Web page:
Understanding DVD Aspect Ratio: Pan and Scan and Letter Box

Aspect ratio is the ratio between the width and height of an image. The most popular aspect ratios are 4:3 and 16:9. The 4:3 aspect ratio is the standard aspect ratio for NTSC, PAL, and digital televisions. The 16:9 aspect ratio is the standard aspect ratio for high definition televisions.

Pan and Scan

It is awfully difficult to make a widescreen movie fit on a standard television that uses the 4:3 aspect ratio. That is where the pan and scan comes into play. The pan and scan is basically a method of adjusting a widescreen movie so that it fits within the constraints of a standard television aspect ratio. In most cases, the pan and scan will cut off the sides of a movie so that the main action of the movie is shown within the middle of the television. The major downside to this method is that over 30% of the original image can be lost due to the cropping of the picture.

Many film producers disapprove of the use of pan and scan. This is because they feel that this method changes the original vision and intent of the film. Panning and scanning a DVD requires a lot of technical skill on the part of the editor. The editor will go scene by scene and select the part of the movie that is the main focus of that specific scene. The main focus of that scene is then copied, or scanned. The effect of the pan shot is created when the editor moves the scanner to follow the important action of that scene.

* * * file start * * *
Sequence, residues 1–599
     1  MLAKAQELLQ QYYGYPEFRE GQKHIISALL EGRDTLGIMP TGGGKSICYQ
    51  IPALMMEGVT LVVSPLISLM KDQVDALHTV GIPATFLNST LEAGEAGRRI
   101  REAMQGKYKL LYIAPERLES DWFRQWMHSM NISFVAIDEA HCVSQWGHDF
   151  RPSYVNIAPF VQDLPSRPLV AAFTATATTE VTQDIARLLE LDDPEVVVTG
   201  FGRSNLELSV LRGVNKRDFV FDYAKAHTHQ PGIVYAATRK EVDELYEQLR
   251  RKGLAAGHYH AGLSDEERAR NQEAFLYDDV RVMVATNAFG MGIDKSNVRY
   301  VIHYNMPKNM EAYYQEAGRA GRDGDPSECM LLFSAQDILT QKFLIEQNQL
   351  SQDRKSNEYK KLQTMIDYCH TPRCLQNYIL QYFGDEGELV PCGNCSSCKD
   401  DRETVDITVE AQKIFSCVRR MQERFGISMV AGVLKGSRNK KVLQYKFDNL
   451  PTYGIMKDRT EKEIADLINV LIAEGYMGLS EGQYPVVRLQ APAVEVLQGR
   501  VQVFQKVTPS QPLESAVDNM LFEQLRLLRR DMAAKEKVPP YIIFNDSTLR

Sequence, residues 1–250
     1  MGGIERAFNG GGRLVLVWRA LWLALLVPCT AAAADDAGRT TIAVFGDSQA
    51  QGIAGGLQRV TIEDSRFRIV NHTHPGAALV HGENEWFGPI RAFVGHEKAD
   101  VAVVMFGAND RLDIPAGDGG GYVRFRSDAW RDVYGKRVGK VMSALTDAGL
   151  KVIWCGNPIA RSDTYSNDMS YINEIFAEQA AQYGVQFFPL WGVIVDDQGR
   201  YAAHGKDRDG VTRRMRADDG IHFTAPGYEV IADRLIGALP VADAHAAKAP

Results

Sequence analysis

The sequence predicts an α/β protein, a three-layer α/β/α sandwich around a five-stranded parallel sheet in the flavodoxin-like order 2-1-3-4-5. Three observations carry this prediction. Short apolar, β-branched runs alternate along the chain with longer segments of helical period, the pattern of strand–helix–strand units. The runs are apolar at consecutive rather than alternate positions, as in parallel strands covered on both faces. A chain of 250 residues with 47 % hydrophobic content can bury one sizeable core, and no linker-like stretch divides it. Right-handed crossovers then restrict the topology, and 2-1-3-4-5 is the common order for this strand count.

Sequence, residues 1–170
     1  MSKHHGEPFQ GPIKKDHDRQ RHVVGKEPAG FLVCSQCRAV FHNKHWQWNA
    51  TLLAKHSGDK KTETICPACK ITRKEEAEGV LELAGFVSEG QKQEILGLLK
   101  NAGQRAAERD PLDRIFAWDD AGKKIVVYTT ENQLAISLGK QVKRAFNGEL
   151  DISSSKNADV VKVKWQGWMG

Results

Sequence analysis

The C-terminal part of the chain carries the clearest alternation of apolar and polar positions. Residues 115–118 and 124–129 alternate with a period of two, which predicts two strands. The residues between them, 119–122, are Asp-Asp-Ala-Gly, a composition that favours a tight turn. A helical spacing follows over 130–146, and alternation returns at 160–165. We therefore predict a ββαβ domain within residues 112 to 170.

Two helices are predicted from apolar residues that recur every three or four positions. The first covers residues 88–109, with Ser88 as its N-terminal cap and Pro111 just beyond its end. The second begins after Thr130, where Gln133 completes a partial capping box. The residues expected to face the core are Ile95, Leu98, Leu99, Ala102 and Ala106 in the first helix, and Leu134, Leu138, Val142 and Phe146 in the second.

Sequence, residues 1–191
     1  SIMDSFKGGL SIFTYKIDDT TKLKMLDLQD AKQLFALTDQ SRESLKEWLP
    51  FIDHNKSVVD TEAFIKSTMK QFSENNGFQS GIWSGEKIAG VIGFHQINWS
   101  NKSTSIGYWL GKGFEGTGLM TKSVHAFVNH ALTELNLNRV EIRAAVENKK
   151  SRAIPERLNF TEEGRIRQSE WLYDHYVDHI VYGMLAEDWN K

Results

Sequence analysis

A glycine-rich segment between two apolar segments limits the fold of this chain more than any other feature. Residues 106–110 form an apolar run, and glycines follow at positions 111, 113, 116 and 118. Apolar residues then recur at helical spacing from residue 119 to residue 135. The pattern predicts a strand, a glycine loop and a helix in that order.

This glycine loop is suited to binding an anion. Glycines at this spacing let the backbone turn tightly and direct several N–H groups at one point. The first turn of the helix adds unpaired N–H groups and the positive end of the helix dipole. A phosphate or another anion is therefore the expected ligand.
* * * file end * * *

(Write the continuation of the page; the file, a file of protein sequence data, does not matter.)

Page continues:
Letter Box

Many DVDs have black bars at the top and bottom of the screen. This is called letter box. The black bars typically appear when one tries to play a widescreen formatted DVD on a standard 4:3 aspect ratio television. The purpose of the letter box is to preserve the 16:9 aspect ratio of the movie.

Letter box was developed as an alternative to the pan and scan method. There are some film producers who actually refuse to release their movies using the pan and scan method. Instead, they will only release DVD copies of their movie that have the letter box.

Watching Television

If you have a high definition television that you are watching high definition content on, you will not experience any black bars or distortion. If you have a high definition television that you are watching a pan and scan DVD on, you will see black bars on the left and right of the screen. If your television is equipped with the stretch or smart stretch mode, you may be able to remove the back bars that you experience when watching a pan and scan DVD on a HD television.

If you have a standard television and you are watching a pan and scan DVD on it, you will not experience any black bars as long as your DVD is set to the pan and scan mode. When trying to watch a widescreen DVD on a standard television, you will have the letter box black bars on the top and bottom of the picture.

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